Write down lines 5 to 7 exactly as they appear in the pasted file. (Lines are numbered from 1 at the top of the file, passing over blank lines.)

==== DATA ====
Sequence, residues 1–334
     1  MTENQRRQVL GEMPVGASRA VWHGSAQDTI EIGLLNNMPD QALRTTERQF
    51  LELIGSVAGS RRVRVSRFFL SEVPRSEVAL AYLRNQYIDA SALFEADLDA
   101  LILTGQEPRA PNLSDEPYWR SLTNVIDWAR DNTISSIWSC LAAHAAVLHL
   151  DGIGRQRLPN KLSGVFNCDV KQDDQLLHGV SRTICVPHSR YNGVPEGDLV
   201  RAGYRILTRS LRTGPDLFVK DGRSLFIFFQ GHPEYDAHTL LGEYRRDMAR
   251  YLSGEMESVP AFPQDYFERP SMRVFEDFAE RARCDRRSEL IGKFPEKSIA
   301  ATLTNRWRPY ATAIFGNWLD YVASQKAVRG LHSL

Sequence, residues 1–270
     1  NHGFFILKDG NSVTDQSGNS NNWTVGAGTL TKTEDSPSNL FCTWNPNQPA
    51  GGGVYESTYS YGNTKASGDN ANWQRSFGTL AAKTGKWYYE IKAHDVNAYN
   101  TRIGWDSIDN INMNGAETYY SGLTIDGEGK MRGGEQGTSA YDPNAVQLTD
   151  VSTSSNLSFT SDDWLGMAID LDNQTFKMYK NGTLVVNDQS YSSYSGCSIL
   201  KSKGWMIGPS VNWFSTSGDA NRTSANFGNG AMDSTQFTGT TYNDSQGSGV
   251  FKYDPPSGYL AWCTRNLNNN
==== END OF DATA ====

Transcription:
   151  DGIGRQRLPN KLSGVFNCDV KQDDQLLHGV SRTICVPHSR YNGVPEGDLV
   201  RAGYRILTRS LRTGPDLFVK DGRSLFIFFQ GHPEYDAHTL LGEYRRDMAR
   251  YLSGEMESVP AFPQDYFERP SMRVFEDFAE RARCDRRSEL IGKFPEKSIA